DVT Project Prepares for TBM Excavation in Urban Cleveland

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Project Update by Greg Rogoff, PE

McMillen Jacobs and joint venture partner Wade Trim are providing engineering services for design and construction of the Doan Valley Storage Tunnel (DVT) project for the Northeast Ohio Regional Sewer District (NEORSD). The project is part of Project Clean Lake, which is NEORSD’s long-term plan for controlling CSOs in the Greater Cleveland Area. The DVT project is located in an urban environment just east of downtown Cleveland and includes nearly 4 miles (6.4 km) of rock tunnels, seven shaft structures with finished diameters ranging from 6 feet to 50 feet (1.8–15.2 m) in diameter, and more than a dozen near-surface structures. Final design was completed in December 2016, construction began in July 2017, and the project is being constructed by a joint venture between McNally and Kiewit for $142.3 million.

DVT TBM gantry No. 6 being lowered into the launch shaft for assembly

The DVT project is divided into three segments: the DVT, the Woodhill Conveyance Tunnel (WCT), and the Martin Luther King Conveyance Tunnel (MLKCT). The DVT is an 18-foot-inside-diameter (ID) (5.5 m), 10,000-foot-long (3,050 m) single-pass tunnel that will be excavated with a new 21.5-foot-diameter (6.6 m) single shield TBM manufactured by Herrenknecht. The WCT and MLKCT are both 8.5-foot ID (2.6 m) two-pass tunnels totaling 9,300 feet (2,835 m). They are being excavated with a 12-foot-diameter (3.7 m) main beam TBM manufactured by Robbins in 1970 and later refurbished and fitted with a shield by Herrenknecht in 2009. The WCT and MLKCT will be initially supported with steel ribs and lagging and lined with reinforced concrete pipe. The tunnels will be constructed mostly in the Chagrin Shale Formation.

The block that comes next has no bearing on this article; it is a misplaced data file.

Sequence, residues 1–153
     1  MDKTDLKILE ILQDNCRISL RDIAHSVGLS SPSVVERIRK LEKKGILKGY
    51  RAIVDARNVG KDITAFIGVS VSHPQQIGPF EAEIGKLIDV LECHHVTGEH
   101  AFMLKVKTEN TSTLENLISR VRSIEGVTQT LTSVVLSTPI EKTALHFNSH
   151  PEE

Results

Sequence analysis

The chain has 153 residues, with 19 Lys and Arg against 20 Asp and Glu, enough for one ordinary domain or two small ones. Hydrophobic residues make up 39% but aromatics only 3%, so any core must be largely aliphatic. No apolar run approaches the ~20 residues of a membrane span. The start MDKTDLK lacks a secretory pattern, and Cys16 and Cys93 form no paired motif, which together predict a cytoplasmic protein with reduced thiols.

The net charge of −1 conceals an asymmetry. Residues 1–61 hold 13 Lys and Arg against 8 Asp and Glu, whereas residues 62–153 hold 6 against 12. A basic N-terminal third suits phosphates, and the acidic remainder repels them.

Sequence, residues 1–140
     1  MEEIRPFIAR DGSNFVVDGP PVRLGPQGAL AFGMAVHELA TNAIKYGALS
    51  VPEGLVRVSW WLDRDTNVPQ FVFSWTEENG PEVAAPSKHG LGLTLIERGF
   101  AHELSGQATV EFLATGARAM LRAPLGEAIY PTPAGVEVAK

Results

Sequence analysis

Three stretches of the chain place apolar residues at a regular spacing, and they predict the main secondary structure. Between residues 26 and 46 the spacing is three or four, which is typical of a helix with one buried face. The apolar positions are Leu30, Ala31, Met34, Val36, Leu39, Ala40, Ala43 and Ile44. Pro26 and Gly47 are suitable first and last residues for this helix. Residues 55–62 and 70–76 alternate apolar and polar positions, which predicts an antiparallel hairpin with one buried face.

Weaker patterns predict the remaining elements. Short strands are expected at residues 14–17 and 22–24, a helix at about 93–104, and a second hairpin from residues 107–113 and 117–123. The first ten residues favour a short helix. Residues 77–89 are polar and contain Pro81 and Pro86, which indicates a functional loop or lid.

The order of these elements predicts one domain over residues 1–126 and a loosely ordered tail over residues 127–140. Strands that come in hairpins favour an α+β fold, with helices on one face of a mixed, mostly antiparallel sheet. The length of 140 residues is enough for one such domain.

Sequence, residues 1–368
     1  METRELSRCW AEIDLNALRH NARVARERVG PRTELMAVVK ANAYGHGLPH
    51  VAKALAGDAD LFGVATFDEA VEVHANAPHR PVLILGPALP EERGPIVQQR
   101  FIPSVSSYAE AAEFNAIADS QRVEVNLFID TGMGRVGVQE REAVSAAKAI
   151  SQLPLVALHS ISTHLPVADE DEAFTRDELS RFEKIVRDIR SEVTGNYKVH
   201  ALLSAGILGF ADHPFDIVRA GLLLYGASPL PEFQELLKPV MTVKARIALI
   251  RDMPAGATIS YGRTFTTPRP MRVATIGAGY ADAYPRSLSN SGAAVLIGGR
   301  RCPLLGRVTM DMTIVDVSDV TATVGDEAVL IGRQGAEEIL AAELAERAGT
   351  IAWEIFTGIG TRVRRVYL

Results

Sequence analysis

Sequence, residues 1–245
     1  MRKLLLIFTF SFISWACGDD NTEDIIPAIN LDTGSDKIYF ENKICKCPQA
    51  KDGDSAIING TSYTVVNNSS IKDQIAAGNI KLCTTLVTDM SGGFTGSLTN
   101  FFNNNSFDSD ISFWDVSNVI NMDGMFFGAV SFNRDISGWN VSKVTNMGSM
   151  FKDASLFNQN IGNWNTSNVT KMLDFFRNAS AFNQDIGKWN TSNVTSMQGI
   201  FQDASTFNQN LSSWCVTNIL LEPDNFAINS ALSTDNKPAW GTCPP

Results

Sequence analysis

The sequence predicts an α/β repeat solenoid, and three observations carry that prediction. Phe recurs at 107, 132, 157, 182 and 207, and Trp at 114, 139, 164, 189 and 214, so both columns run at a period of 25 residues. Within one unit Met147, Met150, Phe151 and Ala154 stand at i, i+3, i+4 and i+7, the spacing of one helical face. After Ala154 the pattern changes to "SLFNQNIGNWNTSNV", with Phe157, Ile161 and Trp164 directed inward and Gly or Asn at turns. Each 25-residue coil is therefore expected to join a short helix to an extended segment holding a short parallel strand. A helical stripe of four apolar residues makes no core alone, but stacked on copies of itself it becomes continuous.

All three tunnels are being mined from a single construction site, which poses several design and construction challenges. The project is located within the vibrant and culturally prized University Circle neighborhood, and construction sites were designed with tree protections, sculpture art protections, and a small-diameter helicoidal shaft to minimize impact to the area. There are several utilities within the TBM launch site work area where service disruptions are prohibited. This constraint prevented relocation of the utilities and required the contractor to design and install protective measures in the work area.

Steel ribs and lagging supports in the WCT

Herrenknecht has completed manufacture of the new DVT TBM, known as “Erin Melissa,” which was delivered to the project site in October 2018. The Erin Melissa is currently being assembled in the starter tunnel for its launch later in 2019.